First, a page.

Student Loans in the News: Pros & Cons to Credit Union Loans
A brief round-up of recent articles and blog posts that discuss current student loan debates and data
About the author: Kevin Mahoney, CFP® is a Millennial financial expert and fee-only financial advisor in Washington, D.C. Kevin's work with his clients focuses on paying off student loans, buying a house, investing savings, and budgeting. Kevin is the founder & CEO of Illumint, a virtual financial planning firm specifically designed to help couples and young families with their financial decisions.
6 Major Pros and Cons Before You Borrow Credit Union Student Loans
Student Loan Hero
Author Christy Rakoczy writes:
"Big banks typically operate in nearly every state, and almost everyone has heard of them. But with local credit unions spread across the country, finding the best deal on a loan can be a big challenge.
To complicate things further, not all credit unions will offer the kinds of loans you’re looking for. Some credit unions don’t offer student loans at all. Others might limit loan options to undergraduate students, or only offer refinancing loans.
However, services such as LendKey and Splash Financial (refinancing only) allow you to shop for loans among many different community banks and credit unions. This streamlines the process and makes it easier to find a credit union to borrow from. You could also check out this list of nationally available credit union student loans as you start your search."
[Read the entire article over at Student Loan Hero]
Not all student loans qualify for forbearance under the CARES Act. Here are the ones that do and don't.
Author Laura Grace Tarpley writes:
"You might have a Federal Family Education Loan (FFEL) or a Perkins loan. Some FFEL or Perkins loans are held by the Department of Education, and those are eligible for forbearance.
However, some Perkins loans are funded through colleges, and some FFEL loans are funded through private companies. These do not qualify for forbearance under the CARES Act.
David Klein, CEO of private student loan lender CommonBond, said there is a general rule of thumb for figuring out whether your FFEL loan is held by the Department of Education.
'The way it generally works is that if you have a federal student loan from before July 1, 2010, then it's likely not held by the federal government,' Klein said. 'And if you have a federal student loan that was originated after July 1, 2010, it very likely is held by the federal government. The heuristic here is if you got a loan originated after July 1, 2010, then you get the federal relief that's the effective six-month moratorium through September 30.'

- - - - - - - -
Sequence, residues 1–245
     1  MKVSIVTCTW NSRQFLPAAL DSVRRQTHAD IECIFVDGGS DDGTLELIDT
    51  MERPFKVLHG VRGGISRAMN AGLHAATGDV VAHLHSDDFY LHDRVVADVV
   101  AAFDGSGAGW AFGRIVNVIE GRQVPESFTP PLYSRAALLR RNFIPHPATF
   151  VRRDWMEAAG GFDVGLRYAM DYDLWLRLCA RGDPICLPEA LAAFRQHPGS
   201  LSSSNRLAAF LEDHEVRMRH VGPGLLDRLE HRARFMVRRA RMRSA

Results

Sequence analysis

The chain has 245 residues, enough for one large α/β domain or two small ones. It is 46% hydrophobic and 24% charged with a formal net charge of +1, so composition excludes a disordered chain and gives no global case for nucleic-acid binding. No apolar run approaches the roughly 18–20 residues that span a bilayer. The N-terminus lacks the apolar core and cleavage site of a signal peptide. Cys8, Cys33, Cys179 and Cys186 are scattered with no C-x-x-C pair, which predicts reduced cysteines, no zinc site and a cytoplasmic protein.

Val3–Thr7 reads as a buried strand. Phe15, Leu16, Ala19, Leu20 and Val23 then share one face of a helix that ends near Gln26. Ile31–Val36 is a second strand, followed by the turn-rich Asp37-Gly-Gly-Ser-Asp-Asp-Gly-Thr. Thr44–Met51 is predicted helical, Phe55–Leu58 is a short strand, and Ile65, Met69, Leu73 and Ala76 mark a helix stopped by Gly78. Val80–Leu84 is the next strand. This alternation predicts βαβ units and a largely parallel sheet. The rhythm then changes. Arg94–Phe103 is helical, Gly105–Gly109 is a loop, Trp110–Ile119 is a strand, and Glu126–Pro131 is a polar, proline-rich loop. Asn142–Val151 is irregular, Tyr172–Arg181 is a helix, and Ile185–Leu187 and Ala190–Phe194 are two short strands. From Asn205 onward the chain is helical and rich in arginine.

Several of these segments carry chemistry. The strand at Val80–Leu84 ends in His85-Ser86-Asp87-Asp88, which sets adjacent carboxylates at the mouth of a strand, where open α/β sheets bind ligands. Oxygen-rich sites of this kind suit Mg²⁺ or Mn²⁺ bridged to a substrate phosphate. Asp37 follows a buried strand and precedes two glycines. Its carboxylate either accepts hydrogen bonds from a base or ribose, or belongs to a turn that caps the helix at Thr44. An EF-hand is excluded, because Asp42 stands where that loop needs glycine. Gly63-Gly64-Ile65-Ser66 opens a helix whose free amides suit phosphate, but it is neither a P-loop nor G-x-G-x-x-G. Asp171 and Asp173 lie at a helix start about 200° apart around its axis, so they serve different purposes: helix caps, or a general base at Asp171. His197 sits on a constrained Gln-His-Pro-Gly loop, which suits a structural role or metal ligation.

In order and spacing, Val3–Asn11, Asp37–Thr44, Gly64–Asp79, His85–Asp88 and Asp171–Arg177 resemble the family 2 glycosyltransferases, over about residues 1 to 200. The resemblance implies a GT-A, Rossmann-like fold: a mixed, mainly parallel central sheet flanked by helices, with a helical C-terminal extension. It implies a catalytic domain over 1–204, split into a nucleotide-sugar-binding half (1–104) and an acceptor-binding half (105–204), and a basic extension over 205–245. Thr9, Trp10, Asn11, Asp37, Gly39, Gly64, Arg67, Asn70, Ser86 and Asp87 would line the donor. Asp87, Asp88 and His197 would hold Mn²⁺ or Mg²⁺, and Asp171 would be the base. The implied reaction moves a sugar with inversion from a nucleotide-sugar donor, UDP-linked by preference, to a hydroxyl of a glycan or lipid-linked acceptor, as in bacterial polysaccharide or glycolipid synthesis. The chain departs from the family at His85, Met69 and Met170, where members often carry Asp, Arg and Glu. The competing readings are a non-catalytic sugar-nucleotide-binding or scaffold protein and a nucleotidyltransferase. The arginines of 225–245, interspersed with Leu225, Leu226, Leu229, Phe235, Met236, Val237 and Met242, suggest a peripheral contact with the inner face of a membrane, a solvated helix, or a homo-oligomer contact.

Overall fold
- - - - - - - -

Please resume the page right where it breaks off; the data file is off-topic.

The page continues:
If you aren't sure whether your FFEL or Perkins loan is held by the Department of Education, contact your student loan servicer to find out."
[Read the entire article over at Business Insider]
DC student loan borrowers affected by coronavirus could see some relief
Author Abigail Constantino writes:
"Those who live in D.C. and are struggling to pay student loans due to the impact of the coronavirus crisis could see some relief from payment and collection.
D.C. Mayor Muriel Bowser announced Friday an initiative that gives expanded financial relief options to residents paying private education loans — such as commercially-owned Federal Family Education Loan Program loans or other privately-held student loans.
The initiative, launched in the District and several states including Virginia, will give qualifying D.C. residents loan forbearance and other protections.
Providing a minimum of 90 days of forbearance
Waiving late payment fees
Ensuring that no borrower is subject to negative credit reporting
Ceasing debt-collection lawsuits for 90 days
Working with borrowers to enroll them in other borrower assistance programs, such as income-based repayment.
The new initiative fills a gap not covered by the federal CARES Act, which provides relief for those with federal loans but not borrowers whose loans are not owned by the federal government.
Student loan services that are not able to provide relief should work with loan holders to relax restrictions or obligations, the mayor’s office said in a statement."